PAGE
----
Why Sales Development? According to Pipedrive’s latest State of Sales report, 51% of salespeople regularly, usually, or always struggle to find enough leads.
In fact, 40% of them list it as the most challenging part of their job, higher than both closing (36%) and qualifying (22%).
Without enough leads, you’re not going to make enough sales: 15-19% say they rarely hit their quota.
That’s where the Sales Development Representative (SDR) team comes in.
Rather than a jack-of-all-trades but master-of-none approach, the modern sales funnel flows from SDRs to Account Executives to Customer Success Reps.
More leads, more sales, more repeat customers, because everyone is a master-of-one.
But even a master can improve. That’s where gamification comes in.
The Right Kind of Sales Development Feedback
Improvement in anything depends on practice, feedback, and review.
Sales Development is no different. Having the tools to reflect on your performance provides new insight and identifies your strengths, weaknesses, and areas to focus on tomorrow, next week, or next month.
But not all feedback is created equal.
You’ve likely seen some Glengarry Glen Ross-type competition meant to motivate and incentivize the team. First prize? A new car. Second prize? A set of steak knives.
Third prize? You’re fired.
But where’s the feedback and opportunity to improve? Even if you won, all you know is that you did better than the person beside you. You’re stuck in a loop of you did well, you did okay, or you did poorly.
Even worse, you may be getting substantial quantitative feedback, but it’s provided in an unmanageable way:
- Information Overload: too many charts, stats, figures, and graphs.
- Raw and Messy: a raw data dump on spreadsheets with multiple pages, tabs, and colleagues all mixed together
- Untimely: a quarterly, semi-annually, or yearly performance review
- Unfair: a live comparison that updates in real-time and puts colleagues in another time zone at a disadvantage
- Silent: not using the available information for any of the above-mentioned reasons
Feedback presented this way is almost as bad as no feedback at all. It needs a redesign in order to be useful.
Enter Gamification.. And even better, Infinite Gamification.
Infinite Gamification is a design process for numerical feedback. It motivates SDRs and teams with simplified and digestible weekly updates. And it appeals to our intrinsic love of games, friendly competition, and play.
The Infinite Gamification Canvas seen above is a basic template to organise design thoughts for your new program. Services like rise.global can then host and arrange the data on a user-friendly weekly sales scorecard.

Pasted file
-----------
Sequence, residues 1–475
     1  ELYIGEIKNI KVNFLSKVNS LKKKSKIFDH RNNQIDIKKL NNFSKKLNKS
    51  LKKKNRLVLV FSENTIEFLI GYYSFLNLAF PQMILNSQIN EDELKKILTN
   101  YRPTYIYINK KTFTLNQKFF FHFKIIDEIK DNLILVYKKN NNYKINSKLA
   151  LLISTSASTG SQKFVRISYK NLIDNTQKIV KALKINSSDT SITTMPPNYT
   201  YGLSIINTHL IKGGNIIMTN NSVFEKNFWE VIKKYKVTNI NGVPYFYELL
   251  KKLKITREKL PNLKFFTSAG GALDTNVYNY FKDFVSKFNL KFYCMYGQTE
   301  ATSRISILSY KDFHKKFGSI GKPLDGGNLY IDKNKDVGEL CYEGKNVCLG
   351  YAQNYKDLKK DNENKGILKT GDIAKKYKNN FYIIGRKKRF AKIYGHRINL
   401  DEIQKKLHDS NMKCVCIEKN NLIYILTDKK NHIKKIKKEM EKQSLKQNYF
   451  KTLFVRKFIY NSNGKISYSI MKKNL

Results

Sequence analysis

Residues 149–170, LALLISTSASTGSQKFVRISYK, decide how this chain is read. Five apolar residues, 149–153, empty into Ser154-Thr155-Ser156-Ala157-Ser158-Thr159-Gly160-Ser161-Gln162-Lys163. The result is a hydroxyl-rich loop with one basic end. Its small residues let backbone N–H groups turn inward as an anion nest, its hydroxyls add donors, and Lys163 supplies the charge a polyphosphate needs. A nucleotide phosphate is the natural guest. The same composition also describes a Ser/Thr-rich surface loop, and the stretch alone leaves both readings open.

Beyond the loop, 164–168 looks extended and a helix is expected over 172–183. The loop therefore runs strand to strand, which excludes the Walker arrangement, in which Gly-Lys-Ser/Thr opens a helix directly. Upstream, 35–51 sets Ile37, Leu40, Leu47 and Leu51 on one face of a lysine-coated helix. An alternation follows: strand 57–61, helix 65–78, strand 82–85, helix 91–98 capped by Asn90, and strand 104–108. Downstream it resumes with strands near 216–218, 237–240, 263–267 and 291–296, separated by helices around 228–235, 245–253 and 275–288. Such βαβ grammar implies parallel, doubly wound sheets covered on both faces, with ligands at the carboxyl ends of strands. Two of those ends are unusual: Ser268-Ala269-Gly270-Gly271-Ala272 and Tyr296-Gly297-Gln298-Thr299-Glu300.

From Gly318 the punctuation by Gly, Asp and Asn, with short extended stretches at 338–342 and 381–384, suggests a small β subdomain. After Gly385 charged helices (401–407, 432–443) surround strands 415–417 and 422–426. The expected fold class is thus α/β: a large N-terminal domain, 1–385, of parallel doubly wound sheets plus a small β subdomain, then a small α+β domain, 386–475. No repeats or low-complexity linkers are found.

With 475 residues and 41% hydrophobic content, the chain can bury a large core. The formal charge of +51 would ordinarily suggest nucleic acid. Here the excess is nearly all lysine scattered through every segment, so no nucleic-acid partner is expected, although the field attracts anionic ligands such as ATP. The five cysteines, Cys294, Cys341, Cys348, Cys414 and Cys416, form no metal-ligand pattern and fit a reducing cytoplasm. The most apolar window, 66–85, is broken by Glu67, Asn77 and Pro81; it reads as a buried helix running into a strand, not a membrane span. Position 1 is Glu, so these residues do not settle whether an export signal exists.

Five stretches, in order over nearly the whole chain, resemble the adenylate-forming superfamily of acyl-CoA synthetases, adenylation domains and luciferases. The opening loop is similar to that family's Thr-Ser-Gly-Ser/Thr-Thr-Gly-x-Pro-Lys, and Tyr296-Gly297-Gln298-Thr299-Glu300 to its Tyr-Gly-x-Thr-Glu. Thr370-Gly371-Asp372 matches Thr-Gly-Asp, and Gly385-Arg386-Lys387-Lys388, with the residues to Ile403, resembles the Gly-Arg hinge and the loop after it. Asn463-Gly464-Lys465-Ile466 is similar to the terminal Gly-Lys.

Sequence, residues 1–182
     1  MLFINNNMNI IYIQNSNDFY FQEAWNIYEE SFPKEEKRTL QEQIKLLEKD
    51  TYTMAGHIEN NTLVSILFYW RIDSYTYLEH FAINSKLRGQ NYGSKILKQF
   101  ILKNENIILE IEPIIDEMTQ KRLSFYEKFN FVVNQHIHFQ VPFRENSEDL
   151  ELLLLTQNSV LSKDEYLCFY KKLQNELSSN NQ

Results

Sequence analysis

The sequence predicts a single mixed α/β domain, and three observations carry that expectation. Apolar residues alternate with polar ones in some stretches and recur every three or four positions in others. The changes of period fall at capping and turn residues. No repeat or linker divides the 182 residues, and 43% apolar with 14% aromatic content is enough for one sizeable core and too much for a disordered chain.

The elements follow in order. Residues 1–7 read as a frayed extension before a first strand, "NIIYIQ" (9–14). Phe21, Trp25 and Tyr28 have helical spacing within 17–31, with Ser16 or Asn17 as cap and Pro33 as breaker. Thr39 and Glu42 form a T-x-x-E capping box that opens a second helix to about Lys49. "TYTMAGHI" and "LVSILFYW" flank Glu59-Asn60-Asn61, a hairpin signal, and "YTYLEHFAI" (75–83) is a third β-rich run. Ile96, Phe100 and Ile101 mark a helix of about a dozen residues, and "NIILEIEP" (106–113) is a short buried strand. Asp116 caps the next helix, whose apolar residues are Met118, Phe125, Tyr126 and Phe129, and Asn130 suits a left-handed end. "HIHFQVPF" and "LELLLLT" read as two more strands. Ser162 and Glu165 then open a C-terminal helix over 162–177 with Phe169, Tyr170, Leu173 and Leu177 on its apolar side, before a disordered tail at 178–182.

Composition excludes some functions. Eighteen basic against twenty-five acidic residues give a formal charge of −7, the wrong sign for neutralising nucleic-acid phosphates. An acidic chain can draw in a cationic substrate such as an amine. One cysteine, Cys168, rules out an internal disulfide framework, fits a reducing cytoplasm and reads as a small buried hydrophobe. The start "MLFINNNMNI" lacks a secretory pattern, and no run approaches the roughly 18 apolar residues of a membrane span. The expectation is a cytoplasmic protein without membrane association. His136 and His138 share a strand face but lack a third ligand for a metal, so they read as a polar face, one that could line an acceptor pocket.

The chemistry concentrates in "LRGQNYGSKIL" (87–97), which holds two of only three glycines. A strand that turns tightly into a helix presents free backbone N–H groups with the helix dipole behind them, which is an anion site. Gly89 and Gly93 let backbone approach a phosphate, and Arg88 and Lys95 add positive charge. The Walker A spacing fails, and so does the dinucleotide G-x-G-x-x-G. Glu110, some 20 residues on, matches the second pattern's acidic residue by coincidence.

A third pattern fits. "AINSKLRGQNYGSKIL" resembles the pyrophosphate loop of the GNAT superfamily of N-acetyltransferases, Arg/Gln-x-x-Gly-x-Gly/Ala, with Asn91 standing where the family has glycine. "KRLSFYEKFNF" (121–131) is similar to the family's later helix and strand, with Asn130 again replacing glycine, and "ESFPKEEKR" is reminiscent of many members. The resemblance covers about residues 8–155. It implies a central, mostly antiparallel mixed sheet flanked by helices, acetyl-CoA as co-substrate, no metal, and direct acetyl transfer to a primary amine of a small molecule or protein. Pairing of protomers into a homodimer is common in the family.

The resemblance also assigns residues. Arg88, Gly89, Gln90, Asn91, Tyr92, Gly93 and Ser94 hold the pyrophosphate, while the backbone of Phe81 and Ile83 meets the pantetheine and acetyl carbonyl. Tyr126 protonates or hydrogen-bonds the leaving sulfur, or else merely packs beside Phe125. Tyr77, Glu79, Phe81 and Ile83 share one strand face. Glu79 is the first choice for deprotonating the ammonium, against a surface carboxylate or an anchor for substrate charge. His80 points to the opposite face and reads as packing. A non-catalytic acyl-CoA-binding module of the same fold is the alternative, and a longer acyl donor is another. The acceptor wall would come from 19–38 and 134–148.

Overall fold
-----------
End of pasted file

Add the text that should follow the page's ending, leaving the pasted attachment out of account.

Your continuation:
Migrating to an infinite gamification feedback model does take some time, and most programs will go through at least a few iterations to work out the kinks, but it’s definitely worth the investment.
In fact, 72% of employees feel more motivated, 90% are more productive, and 95% enjoy the experience when gamification is used at work. It can even replace the need for incentives like prizes and cash rewards.
Infinite Gamification At a Glance
SDR feedback programs designed from the ground up with infinite gamification principles have three main benefits going for them:
- Feedback arrives as news. The update arrives at the same time and on the same channel — social media, email, or instant messaging platforms — so that employees consistently know where and when to look for it.
- Feedback is simple. Multiple sales metrics are combined into a single consolidated score, allowing employees to instantly understand if it was a good week or a bad week.
- Comparison is helpful. Rather than the counterproductive, winner-take-all competition, a good gamification design provides helpful, equitable comparison with colleagues on metrics that matter to SDRs. It supplies useful benchmarks that serve to encourage and motivate.
If you’d like to learn more about using infinite gamification for Sales Development, pick up a copy of my book, Infinite Gamification: motivate your team until the end of time. In it, you’ll find step-by-step guides, common pitfalls to avoid, and checklists to make it all happen.
More leads means more sales.